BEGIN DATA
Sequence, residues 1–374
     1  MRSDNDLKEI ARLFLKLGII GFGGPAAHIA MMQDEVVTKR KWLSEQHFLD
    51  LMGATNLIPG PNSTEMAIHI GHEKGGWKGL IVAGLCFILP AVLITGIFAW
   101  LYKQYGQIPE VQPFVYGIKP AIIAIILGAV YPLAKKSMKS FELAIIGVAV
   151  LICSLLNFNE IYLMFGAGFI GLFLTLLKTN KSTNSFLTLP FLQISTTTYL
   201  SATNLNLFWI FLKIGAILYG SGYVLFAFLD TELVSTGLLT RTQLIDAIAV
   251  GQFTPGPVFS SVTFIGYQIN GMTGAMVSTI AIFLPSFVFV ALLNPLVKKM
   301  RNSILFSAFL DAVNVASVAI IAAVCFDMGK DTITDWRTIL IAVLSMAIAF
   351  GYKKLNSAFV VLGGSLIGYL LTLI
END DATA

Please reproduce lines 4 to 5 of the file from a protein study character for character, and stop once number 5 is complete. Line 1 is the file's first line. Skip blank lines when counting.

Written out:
   101  LYKQYGQIPE VQPFVYGIKP AIIAIILGAV YPLAKKSMKS FELAIIGVAV
   151  LICSLLNFNE IYLMFGAGFI GLFLTLLKTN KSTNSFLTLP FLQISTTTYL